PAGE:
Part four in a series on genuine revival.
As stated last week, Christians can embrace one of two extremes concerning the word “revival.” At one extreme are those who embrace pure emotionalism and hysteria—“if it’s odd it’s God”—all weird behavior is excused. The other extreme lacks a living, vibrant spiritual life. The church feels dead, cold, and lifeless. Talk of reviving the things of God (revival) is either dismissed or ridiculed. Both extremes can hinder the work of the Holy Spirit and genuine Christian growth. I am primarily addressing the first extreme in this series.
As a student of revivals, I understand that being “controversial” isn’t necessarily a bad thing. Revivals are not predictable, and odd things do happen. As I read the Journals of George Whitefield, the Welsh Revivals, and the first hand accounts of the First Great Awakening in America, I found that Pastor Jonathan Edward’s words were true. He observed that a work of the Holy Spirit would be evident: 1) it would elevate the truth, 2) exalt Christ, 3) oppose Satan, 4) point people to the Scriptures, and 5) result in love for God and others. Genuine revivals focus on preaching the totality of God’s Word, calling out sin, and correcting err—holiness is sought, not hysteria. The result is genuine fruit, not ungodly fanaticism.
Some suggest that today’s battle is not so much against liberals in the church, but against those who are “not open” to new prophecies and visions—those who “religiously hold to the written Word alone.” This statement concerns me because it can be used to promote anything done in the name of the Lord such as prophecies, visions, and words from the Lord. Granted, Acts 2:17 is relevant for us today, “And it shall come to pass in the last days, says God, that I will pour out of My Spirit on all flesh; your sons and your daughters shall prophesy, your young men shall see visions, your old men shall dream dreams.” But this Scripture is balanced with, 1 John 4:1, “Beloved, do not believe every spirit, but test the spirits, whether they are of God; because many false prophets have gone out into the world.” Not everything done in God’s name bears His approval.
Jesus warns, “Beware of false prophets, who come to you in sheep’s clothing, but inwardly they are ravenous wolves” (Matthew 7:15). There will be false teachers within the church. We are encouraged to pray for wisdom and discernment. “Words from the Lord” cannot supersede the Bible, but rather, confirm it. “Prophecy involves not authoritative Bible teaching, and not speaking words of God which are equal to Scripture, but rather reporting something which God spontaneously brings to mind” (Wayne Grudem). We hold religiously to the written Word because it is our guide…to test what is being said: “The spirits of the prophets are subject to the prophets” (1 Corinthians 14:32). The speaker should be careful since his words must be under, or subject to, God’s Word.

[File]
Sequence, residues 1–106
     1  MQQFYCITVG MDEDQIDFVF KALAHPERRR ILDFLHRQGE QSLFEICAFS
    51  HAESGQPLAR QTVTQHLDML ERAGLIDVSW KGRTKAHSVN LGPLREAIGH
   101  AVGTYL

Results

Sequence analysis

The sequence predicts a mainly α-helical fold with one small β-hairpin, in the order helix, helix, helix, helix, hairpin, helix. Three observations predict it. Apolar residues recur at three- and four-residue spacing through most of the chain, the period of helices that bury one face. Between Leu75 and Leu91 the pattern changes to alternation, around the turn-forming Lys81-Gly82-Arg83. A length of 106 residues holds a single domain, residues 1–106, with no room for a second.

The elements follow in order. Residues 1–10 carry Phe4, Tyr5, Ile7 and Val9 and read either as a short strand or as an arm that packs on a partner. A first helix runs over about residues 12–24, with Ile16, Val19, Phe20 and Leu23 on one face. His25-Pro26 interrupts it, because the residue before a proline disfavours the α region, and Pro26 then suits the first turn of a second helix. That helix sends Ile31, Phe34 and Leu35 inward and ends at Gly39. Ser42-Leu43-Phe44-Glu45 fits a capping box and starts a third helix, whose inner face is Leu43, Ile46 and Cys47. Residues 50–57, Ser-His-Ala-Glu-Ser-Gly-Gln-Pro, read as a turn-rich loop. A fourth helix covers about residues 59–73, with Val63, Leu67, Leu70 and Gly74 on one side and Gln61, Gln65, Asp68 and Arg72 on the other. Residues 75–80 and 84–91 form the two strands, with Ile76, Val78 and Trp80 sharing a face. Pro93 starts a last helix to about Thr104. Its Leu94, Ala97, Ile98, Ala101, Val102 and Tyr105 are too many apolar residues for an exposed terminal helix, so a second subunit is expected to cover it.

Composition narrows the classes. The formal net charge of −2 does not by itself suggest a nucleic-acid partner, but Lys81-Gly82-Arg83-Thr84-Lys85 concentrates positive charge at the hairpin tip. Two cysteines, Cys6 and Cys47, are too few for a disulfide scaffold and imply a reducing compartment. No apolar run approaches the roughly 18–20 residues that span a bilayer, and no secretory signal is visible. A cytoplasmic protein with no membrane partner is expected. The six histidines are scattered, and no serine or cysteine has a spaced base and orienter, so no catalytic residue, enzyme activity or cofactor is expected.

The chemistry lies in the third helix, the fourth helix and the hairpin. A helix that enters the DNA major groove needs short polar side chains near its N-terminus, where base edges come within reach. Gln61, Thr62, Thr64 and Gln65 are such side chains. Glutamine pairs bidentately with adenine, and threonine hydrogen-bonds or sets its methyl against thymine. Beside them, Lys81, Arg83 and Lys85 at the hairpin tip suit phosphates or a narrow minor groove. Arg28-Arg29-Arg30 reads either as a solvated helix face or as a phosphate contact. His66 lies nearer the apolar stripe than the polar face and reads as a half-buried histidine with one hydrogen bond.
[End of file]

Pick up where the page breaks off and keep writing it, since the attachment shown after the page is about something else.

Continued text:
A “prophet,” as mentioned in the Bible, can be anyone in a position of spiritual authority or claiming to be. They are not to be elevated or idolized. We follow Christ, not men. False teachers aren’t ostentatiously dressed in red, armed with a pitchfork. They often look credible and talk convincingly; however, they bring destructive teachings into the church. They tend to avoid difficult truths such as sin, judgment, and repentance, and focus on what people want to hear, rather than what they need to hear. (Refer to Jeremiah 23.)
False teachers provide layers of truth mixed with error, but even a broken clock is right twice a day. Today, when the truth of God’s Word is spoken, people are often offended because they’ve been conditioned to hear “feel good” messages that do little in calling out sin. As a result, churches are filled with people whose lifestyles reflect little change. William Still said it well: “Many, who for the first time come under the sound of Holy Ghost preaching, are mortally offended…because they have never been exposed to the white light of the Spirit.”
The white light exposes sin and calls for repentance, holiness, purity, and righteousness—topics that are rarely discussed in many churches across our landscape. Not surprisingly, 2 Timothy 4:3 echoes throughout the ages with resounding clarity, “For the time will come when they will not endure sound doctrine, but according to their own desires, because they have itching ears, they will heap up for themselves teachers and they will turn their ears away from the truth, and be turned aside to fables.”
How do we “test every spirit” and avoid false teachers? Determine if what they are teaching agrees with Scripture. For example, if one claims to be drunk in the Spirit, 1 Corinthians 14:40 tells us otherwise, “Let all things be done decently and in order.” If one lacks control, remember that self-control is a fruit of the Spirit. If a claim is made that a “messenger of light” appeared with a new revelation, point to 2 Corinthians 11:14 where we find Satan transforming himself into an angel of light. If those who look to the Word are accused of quenching and grieving the Spirit, we are reminded that Jesus used the Word of God for finality, discernment, and power.
More next week…